Tom Muirhead died in the early 1990`s and for a while the” The Former Working Bearded Collie Association”, continued to breed Muirheads bloodlines, however bad organisation, and the sometimes inevitable and strenuous , power struggle found in committee`s brought about the cessation of the Association. There is an old saying, A Camel was the result of a committee`s attempt at breeding a Horse?.

With the break-up of the former Association, I was asked to pick up the pieces. On the 30th day of May 1997 The Working Bearded Collie Foundation was founded by yours truly and through advertisements which were placed in all the farming papers, most former members were contacted.

With the help of D. B. Plummer, who turned over to me extended pedigrees of all known lines of working beardies in the UK, I was able to put together a registration system. Luck was also with me, as my son Vincent who is one of them computer nuts, built me a program which I have now mastered, clever people them Chinese!

Also through the advertisements and the information packs which were being offered, I was coming into contact with farmers with lines of beardie not known to us. Drew Pringle, a farmer on Skye who has had beardies all his life, also put me in touch with the Mac Donald`s, a farming family also from Skye. Hopefully great fruits will come from this meeting.

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The Working Beardie Its Origin and Development

In some districts the Bearded Collie is still worked, though readers who are accustomed to the sight of exhibition bearded Collies would not recognise the working strains as being the same breed. When Mrs Willison embarked on her resurrection of the Bearded Collie in 1948, unlike today there were still quite a few working strains around despite what the book would have us believe.

Mrs Willison unpretentiously took and mated the most elegant to the most elegant, to produce her first Crufts winners. It is generally believed that perhaps some breeders, though they would probably deny it, added a splash of Old English Sheepdog to improve coat, delightful as they may be, it is sufficient to say the Old English is certainly not placed very high on the canine ladder of intelligence, plus you need to be armed with an NVQ in hair-dressing to manage these brainless balls of fur, not really what the farmer ordered.

In fact since the WBCF was founded and through the advertisements run by this organisation the working Beardie seems to be in vogue. It is also hoped that through these advertisements unrelated working bloodlines could be found, as the working Beardie in its present form cannot survive with such a limited gene pool.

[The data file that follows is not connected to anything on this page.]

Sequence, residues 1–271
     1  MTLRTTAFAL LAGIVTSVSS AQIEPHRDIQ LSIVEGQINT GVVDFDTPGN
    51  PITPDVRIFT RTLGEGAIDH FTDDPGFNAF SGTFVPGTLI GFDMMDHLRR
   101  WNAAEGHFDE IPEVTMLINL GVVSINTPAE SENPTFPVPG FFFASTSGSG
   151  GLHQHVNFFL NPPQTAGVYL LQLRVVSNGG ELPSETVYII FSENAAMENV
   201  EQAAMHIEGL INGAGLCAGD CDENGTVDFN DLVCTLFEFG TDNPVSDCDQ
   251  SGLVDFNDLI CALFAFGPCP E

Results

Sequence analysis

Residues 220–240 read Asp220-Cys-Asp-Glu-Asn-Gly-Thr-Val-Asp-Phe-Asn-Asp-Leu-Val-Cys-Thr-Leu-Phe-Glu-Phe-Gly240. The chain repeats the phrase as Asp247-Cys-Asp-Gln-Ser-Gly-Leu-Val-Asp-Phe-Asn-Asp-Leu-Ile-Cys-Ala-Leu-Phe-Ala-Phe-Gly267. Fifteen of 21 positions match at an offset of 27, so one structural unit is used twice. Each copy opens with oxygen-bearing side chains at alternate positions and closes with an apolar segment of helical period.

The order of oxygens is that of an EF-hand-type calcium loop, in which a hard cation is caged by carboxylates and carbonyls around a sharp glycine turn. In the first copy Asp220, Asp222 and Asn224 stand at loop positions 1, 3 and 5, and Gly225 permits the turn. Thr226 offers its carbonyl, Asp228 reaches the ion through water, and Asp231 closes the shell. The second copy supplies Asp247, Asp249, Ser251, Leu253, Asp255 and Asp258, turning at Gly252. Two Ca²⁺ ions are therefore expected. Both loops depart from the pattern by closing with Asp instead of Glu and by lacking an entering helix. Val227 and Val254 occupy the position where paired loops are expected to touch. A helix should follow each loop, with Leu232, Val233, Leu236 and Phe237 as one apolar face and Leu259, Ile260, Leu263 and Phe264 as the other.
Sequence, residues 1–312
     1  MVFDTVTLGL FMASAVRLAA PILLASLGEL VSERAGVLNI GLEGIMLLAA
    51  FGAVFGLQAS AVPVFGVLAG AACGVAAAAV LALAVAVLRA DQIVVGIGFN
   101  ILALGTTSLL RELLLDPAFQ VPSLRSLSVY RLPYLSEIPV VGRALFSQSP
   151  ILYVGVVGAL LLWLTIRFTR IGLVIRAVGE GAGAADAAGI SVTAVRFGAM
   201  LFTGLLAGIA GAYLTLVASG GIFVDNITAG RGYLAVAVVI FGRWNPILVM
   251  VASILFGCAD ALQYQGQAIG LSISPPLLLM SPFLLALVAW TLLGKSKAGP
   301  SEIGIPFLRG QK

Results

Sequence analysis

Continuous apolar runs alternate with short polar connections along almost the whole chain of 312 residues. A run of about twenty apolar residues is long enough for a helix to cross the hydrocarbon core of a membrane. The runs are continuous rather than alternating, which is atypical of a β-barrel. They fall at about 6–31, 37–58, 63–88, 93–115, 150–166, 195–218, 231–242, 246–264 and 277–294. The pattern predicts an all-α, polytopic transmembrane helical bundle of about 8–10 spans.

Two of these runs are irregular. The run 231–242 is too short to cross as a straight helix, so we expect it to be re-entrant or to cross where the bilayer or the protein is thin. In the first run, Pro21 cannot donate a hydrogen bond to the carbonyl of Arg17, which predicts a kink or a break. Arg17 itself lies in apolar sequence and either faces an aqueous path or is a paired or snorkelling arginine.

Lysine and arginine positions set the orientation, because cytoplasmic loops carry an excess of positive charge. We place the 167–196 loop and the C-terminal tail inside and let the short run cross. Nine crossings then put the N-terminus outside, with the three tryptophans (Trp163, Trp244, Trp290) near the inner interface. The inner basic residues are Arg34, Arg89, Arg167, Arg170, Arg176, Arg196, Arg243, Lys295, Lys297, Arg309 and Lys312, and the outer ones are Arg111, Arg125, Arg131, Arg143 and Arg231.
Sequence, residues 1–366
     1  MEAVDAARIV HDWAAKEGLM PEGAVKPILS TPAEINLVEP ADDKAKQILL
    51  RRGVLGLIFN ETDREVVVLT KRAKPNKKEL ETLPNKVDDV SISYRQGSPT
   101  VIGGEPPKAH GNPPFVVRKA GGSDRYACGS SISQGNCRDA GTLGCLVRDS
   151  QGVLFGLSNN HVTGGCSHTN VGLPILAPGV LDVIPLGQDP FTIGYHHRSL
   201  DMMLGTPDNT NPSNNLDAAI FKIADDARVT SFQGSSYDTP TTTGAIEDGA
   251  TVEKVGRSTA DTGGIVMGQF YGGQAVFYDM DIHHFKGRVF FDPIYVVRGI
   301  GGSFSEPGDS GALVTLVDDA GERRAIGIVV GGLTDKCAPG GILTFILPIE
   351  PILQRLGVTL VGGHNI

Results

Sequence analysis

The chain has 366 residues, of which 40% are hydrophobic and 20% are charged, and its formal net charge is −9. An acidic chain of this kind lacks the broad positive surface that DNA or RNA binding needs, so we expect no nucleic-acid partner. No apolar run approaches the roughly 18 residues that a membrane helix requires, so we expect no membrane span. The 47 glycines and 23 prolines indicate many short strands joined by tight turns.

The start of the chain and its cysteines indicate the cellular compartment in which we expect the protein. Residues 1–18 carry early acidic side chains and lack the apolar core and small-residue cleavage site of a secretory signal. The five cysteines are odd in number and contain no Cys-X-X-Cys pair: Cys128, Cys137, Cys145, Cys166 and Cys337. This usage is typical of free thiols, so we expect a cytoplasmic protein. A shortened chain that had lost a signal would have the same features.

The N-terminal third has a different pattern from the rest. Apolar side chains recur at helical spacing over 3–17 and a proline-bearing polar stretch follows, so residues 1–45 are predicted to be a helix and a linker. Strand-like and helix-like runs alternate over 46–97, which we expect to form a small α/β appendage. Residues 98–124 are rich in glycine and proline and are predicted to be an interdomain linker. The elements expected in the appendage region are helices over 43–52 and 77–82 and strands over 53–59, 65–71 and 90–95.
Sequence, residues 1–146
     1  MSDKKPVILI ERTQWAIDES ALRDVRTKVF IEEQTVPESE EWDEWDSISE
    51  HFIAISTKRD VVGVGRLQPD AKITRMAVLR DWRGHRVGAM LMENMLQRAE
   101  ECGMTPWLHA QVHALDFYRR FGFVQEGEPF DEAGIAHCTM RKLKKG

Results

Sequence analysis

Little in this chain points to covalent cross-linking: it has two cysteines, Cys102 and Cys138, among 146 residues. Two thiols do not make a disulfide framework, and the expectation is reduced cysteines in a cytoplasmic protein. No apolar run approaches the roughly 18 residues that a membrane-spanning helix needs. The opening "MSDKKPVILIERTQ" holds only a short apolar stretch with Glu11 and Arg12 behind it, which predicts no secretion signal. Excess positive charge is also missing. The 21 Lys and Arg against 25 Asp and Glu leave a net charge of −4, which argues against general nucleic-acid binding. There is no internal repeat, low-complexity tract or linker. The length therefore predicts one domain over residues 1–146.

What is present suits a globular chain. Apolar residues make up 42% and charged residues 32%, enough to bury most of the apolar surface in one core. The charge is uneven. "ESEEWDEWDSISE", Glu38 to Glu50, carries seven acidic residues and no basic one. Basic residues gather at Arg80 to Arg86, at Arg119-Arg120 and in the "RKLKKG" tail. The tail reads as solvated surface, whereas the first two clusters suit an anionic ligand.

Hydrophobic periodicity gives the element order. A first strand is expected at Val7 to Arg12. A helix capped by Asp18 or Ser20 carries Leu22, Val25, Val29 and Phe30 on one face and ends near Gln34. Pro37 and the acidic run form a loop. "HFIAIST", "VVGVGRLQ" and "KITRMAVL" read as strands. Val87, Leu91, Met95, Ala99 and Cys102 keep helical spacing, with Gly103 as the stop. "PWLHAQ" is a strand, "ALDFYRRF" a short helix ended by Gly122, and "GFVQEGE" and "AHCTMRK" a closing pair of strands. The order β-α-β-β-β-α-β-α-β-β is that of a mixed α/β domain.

Working Beardies are usually more game than their Border Collie counterparts. Indeed, many have courage enough to turn enraged bulls, or face down hostile “horned” black faced rams. Bearded Collie strains are much slower to mature than conventional Border Collies, in fact it has be known, that after the owner has given up waiting and returned his dog to the breeder, only to find out later it is working well for “someone else”. However it is also true that not all will work, but that could be said about any breed. I was talking about this very subject the other night with Kenny Dalglesh, the contract shepherd not the football player. Kenny told me one of the best Beardies he ever owned never started working until it was 3 years old, never showing any interest or eye, until this very day.

I believe there is a simple explanation for this late maturing, if one looks at the life span of the Working Beardie, Plummer has Beardies well into there twenties in his kennels. I also believe that the working strains are a very primitive breed, and it is of the utmost importance that when pups, they are socialised persistently.

Likewise bonding with your Beardie is very important if they are to train well later in their young lives; a spell of imprisonment will damage them beyond repair.

Two quite distressing eye abnormalities have appeared in the best working Border collie strains, collie eye anomaly and the more distressing progressive retinal atrophy, a disease that only manifests itself during the dogs second year. These defects are not inherent amongst working strains of Bearded Collie. Likewise, in the last few years certain otherwise good working strains of Border Collies have started to produce dogs, which are ill at ease with hostile sheep. Paul Turnbull, who owned the famous Bearded collie Blue, once advertised his Beardie Blue at stud to Border Collie bitches which were a shade short on courage, for Blue was a fearless dog who sired equally game offspring.

More to follow...